Friday, November 18

The fruits of our labour 2016

We grow a lot of fruit on our plot. I guess you could say that the value of the fruit harvested more than covers our allotment rents. Having said that maybe it would be wrong to say that the fruit that we harvest saves us money. In truth we just would never buy the equivalent amount of fruit to that which we harvest so it would be more accurate to say that in growing our own fruit we eat more fruit than we otherwise would. 

The collage below shows just some of the fruit that we grow - I haven't included all the different varieties nor the fruit that didn't produce a crop this year - cherries, kiwi berries, figs and honeyberries. I haven't included the crops that although technically fruits we call vegetables or the fruits that we don't harvest such as medlars, cranberries and crab apples. Even so there is a surprising variety as I'd never considered the whole picture before.
This year's fruit harvest spans six months - that is if you count the rhubarb that technically isn't a fruit at all. 
Each year some fruits perform better than others so let's look at how our fruit has performed in 2016.

It hasn't been a good year for stone fruit.
Despite fruit setting we didn't harvest a single nectarine or cherry. The wood pigeons strip the leaves from the plot cherry every year. Next year we will make a concentrated effort to protect it earlier.

We harvested just one peach and two greengages. Both were a treat to eat but we hope for more next year,

The plum harvest was poor and about 25% of the fruits had been spoiled by plum moth larvae. Plums and greengages do tend to crop well every other year but why do they all chose the same year?

The star of stone fruit category is definitely the apricot that exceeded expectation.

Moving on to the hard fruit. Some of the varieties of apple are best guesses as they were harvested from our inherited apple hedge.
It's been a good year all round for hard fruit, although one apple - Fiesta is missing from the list having failed to produce a single fruit. Discovery was the most productive apple and Invincible was the top pear. We also had a larger proportion of large fruit in spite of our no thinning policy.

It was a bumper year for quince. There are even some fruit sill left on the tree as we just couldn't pick them all before the weather spoiled things.

On to the group that I am going to call the currant family. There are lots of unknown varieties here. The gooseberries mainly came from cuttings we were given and we inherited the red and white currants. When we bought the jostaberry it was just called a jostaberry as at that time I think there was only one type.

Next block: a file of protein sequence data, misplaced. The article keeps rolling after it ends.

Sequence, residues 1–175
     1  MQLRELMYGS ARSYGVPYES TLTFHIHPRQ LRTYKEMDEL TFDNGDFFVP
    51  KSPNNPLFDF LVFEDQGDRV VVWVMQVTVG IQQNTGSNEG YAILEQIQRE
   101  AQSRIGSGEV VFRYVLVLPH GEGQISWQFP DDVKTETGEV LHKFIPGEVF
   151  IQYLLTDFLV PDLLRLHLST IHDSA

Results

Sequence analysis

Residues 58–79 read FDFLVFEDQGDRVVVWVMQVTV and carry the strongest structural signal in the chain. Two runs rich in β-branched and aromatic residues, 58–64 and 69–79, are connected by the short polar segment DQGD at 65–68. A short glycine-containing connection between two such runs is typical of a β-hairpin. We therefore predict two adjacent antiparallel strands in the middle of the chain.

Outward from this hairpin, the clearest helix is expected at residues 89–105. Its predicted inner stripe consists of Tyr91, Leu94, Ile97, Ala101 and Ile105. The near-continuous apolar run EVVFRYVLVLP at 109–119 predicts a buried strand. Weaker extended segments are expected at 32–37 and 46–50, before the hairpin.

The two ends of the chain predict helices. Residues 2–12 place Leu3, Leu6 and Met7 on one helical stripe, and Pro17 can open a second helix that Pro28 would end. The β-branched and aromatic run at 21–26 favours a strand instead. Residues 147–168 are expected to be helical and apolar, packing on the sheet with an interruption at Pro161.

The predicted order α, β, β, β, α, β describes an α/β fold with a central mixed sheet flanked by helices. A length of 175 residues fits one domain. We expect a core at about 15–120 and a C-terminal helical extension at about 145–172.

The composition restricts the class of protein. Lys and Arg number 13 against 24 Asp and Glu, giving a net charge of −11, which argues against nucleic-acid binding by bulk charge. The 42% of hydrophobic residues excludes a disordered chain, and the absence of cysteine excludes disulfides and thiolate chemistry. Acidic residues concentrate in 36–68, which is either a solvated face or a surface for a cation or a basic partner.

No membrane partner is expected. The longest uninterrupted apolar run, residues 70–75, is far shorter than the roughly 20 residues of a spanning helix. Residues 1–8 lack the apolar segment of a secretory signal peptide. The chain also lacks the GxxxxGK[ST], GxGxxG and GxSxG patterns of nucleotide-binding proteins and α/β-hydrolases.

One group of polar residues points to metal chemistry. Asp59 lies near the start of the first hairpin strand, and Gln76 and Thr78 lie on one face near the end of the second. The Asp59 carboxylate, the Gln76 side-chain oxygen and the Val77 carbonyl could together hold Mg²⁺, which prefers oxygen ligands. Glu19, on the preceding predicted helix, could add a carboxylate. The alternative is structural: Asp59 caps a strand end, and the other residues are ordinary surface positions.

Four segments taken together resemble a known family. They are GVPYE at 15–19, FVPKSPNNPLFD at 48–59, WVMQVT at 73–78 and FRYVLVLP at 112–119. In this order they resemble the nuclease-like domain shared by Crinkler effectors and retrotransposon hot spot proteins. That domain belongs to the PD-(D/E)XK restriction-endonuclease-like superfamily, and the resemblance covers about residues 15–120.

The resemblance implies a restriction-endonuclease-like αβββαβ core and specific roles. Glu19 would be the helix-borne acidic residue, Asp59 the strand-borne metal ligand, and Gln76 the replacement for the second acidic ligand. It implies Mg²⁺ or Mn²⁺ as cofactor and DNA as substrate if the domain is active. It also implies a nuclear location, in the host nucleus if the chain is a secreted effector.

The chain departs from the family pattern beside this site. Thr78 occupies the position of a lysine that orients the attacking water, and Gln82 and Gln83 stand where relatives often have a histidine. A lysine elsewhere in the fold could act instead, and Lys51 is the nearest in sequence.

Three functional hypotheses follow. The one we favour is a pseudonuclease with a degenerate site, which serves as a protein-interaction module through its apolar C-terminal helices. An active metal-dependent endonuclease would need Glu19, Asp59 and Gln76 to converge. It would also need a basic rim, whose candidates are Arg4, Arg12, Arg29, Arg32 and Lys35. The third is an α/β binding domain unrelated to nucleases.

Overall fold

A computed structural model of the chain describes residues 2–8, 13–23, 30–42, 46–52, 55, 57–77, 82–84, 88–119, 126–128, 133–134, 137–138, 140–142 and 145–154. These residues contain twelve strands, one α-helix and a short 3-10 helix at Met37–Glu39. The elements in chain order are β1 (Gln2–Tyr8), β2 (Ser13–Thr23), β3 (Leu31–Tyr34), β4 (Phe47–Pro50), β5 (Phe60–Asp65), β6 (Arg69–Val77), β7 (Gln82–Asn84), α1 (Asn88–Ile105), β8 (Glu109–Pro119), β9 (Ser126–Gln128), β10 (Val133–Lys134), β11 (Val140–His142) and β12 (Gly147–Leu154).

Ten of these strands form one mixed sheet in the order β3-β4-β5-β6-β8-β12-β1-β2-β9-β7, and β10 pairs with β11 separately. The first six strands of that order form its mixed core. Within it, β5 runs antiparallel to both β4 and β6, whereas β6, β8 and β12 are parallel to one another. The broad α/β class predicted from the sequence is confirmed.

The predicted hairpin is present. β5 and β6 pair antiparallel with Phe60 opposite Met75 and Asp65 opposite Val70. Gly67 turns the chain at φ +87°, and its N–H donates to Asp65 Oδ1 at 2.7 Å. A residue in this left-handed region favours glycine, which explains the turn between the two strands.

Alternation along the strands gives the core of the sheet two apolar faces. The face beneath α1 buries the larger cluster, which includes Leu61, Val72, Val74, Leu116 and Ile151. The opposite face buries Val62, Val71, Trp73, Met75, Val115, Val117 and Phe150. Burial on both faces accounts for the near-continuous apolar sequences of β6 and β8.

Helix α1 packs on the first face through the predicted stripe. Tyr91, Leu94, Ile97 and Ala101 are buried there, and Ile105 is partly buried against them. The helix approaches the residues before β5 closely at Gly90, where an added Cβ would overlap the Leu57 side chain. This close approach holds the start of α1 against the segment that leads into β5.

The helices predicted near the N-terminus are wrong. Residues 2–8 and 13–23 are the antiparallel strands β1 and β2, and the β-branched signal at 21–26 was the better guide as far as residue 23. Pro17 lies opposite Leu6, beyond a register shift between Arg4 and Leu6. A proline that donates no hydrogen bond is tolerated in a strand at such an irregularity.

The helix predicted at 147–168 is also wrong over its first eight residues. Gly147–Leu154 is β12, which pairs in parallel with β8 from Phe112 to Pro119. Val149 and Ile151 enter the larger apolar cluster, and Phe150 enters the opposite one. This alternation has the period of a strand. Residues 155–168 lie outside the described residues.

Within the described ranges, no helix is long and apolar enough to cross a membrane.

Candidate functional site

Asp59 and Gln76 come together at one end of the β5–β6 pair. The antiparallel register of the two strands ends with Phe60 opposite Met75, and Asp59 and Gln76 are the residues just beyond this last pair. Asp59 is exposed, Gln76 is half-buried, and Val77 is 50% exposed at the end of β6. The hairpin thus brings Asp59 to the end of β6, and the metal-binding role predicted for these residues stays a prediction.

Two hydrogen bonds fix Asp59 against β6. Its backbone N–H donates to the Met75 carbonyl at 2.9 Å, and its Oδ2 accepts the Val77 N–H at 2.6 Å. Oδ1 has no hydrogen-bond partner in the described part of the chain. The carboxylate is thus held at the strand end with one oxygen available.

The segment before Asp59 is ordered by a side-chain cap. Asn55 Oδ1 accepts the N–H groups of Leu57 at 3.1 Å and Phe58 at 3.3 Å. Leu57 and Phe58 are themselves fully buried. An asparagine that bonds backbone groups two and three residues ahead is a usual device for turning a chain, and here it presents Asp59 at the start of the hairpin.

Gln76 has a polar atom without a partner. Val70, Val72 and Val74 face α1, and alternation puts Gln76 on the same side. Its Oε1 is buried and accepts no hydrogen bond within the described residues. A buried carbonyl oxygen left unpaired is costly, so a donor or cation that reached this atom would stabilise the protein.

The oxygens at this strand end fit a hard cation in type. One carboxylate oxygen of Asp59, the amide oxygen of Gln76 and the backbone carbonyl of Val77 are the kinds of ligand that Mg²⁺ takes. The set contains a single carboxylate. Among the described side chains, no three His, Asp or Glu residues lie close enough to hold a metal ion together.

The redcurrants always seem to produce a good harvest. We only picked as much as we needed so the amount above could have been doubled.

The whitecurrant only produces very small currants so I am going to thin out the branches to see if that improves things.

Generally speaking I don't think the currant family have had a very impressive year.

Finally on to the berries.
We have been happy with our berry harvest. I posted a full review of our strawberries in an earlier post here. I don't intend to repeat myself, suffice is to say that we were more than happy with the harvest. The alpine strawberries were newly planted this year so I would expect a better harvest next year. After I had made the charts the alpine strawberries produced more fruit which I picked in November but there was no way that I was redoing the charts!

Our Glen Ample raspberry canes suddenly died and I dug up all the Joan J canes as the bed was infested with bindweed. Canes were split and replanted but will take at least until next year to recover. Fortunately Tulameen and All Gold did well. Glencoe never really produces a large harvest for us.

It was our best year for Japanese Wineberries - I posted about them here - and blueberries. The blueberries benefited from extra protection which meant we dared leave them on the bush to fully develop and ripen before picking them prematurely. The blackbirds were less impressed.

The Loch Ness blackberry is a prolific fruiter and we could have gone on picking berries for longer but we had more than enough and left the remaining berries for the birds.

You may have noticed that I haven't reported the rhubarb harvest. The reason is that we picked as much as we wanted but in effect this was only a small amount compared to that which was produced.